The Association of Zoos and Aquariums (AZA) today announced that The Maryland Zoo in Baltimore has been recognized with Significant Achievement for the 2015 Edward H. Bean Award for its Project Golden Frog /Proyecto Rana Dorada program.
“This award, which highlights the important work aquariums and zoos are doing to help save species in their own communities as well as in the wild, provides well-deserved national recognition for the leadership of The Maryland Zoo in Baltimore team in conservation science,” said AZA President and CEO Jim Maddy.
The Edward H. Bean Award is a historic award within AZA, established in September 1956, honoring the first director of Chicago’s Brookfield Zoo and one of the founders of AZA. The Edward H. Bean Award recognizes propagation or management programs that contribute to the reproductive success of one or more species and/or subspecies.
“Panamanian golden frogs are among the rarest in the amphibian world, and are revered in their native country as a symbol of good luck. The golden frog likeness is an iconic one that appears all over Panama from its currency to lottery tickets,” said Don Hutchinson, president/CEO of The Maryland Zoo in Baltimore. “While The Maryland Zoo was the first to breed these beautiful animals in captivity, nearly 50 other institutions accredited by the Association of Zoos and Aquariums in the U.S. and Canada currently have golden frogs in their collections and play an important role in the conservation of this remarkable species.”
As the then-emerging amphibian chytrid disease, Batrachochytrium dendrobatidis, (Bd) moved through Costa Rica and into Western Panama, concerned biologists convened to form Project Golden Frog/Proyecto Rana Dorada PGF/PRD in order to save the highly-susceptible species and use it as a flagship for the global amphibian decline. Other factors impacting golden frogs included collecting for the local zoos and hotels as well as the illegal international pet trade [this species was listed on CITES Appendix I in 1975 and listed as Endangered under the USFWS Endangered Species Act in 1976], deforestation and habitat alteration by logging and farming that also led to sedimentation of their pristine waters.
As a precautionary measure against extinction in advance of Bd, golden frogs were legally collected in Panama and sent to AZA-accredited institutions in order to create ex situassurance populations. Prior to collection, PGF/PRD biologists studied golden frog habitat and collected environmental data from these habitats in order to achieve the highest potential of survivability and breeding success once the frogs were in zoo/aquarium collections.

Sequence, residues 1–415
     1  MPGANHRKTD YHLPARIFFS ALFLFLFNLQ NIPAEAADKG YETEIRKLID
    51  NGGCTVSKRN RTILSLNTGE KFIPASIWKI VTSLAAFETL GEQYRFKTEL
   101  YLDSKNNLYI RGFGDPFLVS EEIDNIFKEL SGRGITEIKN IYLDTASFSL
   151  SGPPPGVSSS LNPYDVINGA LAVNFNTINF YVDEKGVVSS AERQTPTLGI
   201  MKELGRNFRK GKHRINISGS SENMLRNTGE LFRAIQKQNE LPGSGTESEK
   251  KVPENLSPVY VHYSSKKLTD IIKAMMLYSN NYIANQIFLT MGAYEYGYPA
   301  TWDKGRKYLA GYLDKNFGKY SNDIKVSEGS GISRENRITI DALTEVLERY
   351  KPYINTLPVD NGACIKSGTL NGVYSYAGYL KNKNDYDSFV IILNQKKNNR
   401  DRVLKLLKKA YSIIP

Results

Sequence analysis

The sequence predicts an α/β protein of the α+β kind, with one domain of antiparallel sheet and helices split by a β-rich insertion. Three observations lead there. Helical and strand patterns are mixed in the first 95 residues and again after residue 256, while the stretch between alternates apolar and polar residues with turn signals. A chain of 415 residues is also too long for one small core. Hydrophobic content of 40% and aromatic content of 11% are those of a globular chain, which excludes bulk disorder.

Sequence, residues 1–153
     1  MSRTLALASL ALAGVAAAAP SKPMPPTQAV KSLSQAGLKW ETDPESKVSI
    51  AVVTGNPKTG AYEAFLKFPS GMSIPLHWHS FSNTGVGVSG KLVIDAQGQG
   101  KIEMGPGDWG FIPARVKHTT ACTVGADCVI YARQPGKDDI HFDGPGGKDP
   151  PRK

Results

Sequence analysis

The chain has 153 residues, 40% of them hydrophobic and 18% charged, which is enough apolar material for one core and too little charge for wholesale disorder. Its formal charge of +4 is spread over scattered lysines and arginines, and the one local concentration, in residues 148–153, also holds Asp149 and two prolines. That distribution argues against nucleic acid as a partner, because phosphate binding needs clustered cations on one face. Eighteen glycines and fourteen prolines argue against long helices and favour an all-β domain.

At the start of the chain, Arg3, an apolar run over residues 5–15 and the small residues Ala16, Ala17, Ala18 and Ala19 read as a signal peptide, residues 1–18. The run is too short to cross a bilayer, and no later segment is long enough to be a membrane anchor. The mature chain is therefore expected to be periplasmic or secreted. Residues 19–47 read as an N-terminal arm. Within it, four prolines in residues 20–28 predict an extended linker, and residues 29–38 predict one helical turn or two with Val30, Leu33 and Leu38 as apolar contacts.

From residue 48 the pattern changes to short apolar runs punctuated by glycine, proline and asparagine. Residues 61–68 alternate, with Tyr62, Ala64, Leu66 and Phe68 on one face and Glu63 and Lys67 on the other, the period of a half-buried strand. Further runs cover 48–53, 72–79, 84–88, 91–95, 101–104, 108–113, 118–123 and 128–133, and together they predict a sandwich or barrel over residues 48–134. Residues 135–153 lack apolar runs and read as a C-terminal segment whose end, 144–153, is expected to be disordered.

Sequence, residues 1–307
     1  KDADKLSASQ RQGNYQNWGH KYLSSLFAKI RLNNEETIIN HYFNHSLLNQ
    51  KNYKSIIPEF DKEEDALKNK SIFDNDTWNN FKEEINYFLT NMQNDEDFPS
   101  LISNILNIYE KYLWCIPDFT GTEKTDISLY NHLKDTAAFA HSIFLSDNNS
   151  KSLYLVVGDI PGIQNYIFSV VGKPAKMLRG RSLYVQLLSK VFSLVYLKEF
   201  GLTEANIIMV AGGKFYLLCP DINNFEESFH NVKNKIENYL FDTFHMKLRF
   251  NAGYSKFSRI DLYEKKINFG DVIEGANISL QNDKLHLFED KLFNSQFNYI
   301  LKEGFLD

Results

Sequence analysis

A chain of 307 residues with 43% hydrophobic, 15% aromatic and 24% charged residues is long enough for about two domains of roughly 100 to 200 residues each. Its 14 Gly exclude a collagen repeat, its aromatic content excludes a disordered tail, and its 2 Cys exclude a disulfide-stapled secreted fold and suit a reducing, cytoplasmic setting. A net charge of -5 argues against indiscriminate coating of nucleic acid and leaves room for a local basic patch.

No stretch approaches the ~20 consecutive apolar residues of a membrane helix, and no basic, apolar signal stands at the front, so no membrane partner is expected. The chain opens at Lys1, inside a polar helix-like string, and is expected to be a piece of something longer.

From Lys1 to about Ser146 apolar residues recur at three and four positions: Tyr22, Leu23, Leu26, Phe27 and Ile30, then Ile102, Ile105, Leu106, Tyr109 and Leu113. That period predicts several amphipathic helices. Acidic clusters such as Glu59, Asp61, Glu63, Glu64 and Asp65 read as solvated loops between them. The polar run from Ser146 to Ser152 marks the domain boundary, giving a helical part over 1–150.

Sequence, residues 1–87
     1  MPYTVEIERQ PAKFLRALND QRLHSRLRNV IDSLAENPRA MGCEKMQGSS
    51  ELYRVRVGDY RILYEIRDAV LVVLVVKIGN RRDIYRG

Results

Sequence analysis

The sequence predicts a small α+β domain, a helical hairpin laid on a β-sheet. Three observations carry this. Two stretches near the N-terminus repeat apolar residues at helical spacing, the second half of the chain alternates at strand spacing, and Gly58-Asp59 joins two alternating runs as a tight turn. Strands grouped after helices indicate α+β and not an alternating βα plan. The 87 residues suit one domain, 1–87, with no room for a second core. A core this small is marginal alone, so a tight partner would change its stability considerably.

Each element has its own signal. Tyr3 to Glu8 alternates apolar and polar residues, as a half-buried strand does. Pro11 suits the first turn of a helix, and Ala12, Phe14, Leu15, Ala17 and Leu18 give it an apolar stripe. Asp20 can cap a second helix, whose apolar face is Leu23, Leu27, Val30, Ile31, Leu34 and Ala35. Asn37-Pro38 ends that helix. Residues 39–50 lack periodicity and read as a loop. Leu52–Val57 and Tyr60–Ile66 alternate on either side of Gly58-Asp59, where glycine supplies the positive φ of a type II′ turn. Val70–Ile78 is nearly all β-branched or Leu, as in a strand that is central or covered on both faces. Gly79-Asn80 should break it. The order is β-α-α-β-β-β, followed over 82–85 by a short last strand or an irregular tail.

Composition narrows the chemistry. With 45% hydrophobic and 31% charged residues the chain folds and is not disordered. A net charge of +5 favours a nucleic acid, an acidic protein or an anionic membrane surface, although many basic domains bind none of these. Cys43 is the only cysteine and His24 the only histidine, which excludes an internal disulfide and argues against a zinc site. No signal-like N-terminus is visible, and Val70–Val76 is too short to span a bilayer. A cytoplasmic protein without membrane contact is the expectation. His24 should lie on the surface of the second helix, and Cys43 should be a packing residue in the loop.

Collaborative partners on the program include: Abilene Zoological Gardens, Albuquerque Biological Park, Audubon Zoo, Aquarium & Rainforest at Moody Gardens, Binder Park Zoo, Blank Park Zoo, Bronx Zoo/Wildlife Conservation Society, Buffalo Zoo, Busch Gardens Tampa, Cape May County Park Zoo, Cheyenne Mountain Zoo, Chicago Zoological Society – Brookfield Zoo, Clyde Peeling’s Reptiland, Columbus Zoo and Aquarium, Como Park Zoo and Conservatory, Dallas Zoo, Denver Zoo, Detroit Zoological Park, Dickerson Park Zoo, Erie Zoo, El Paso Zoo, Elmwood Park Zoo, Fort Worth Zoo, Fresno Chaffee Zoo, Houston Zoo, Jacksonville Zoo and Gardens, Jenkinson’s Aquarium, Kansas City Zoo, Louisville Zoological Garden, Maryland Zoo in Baltimore, Miller Park Zoo, National Aquarium in Baltimore, Nashville Zoo, North Carolina Zoological Park, Oakland Zoo, Oglebay’s Good Zoo, Omaha’s Henry Doorly Zoo, Peoria Zoo, Philadelphia Zoo, Riverbanks Zoo & Garden, Rosamond-Gifford Zoo at Burnet Park, Saint Louis Zoo, San Antonio Zoological Gardens & Aquarium, San Diego Zoo, Sedgwick County Zoo, Seneca Park Zoo, Shedd Aquarium, Smithsonian National Zoological Park, Staten Island Zoo, Tampa’s Lowry Park Zoo, Toledo Zoological Gardens, Toronto Zoo, Vancouver Aquarium Marine Science Centre, Walter D. Stone Zoo Memorial Zoo, Zoo Atlanta, and Zoo Miami.
Share this article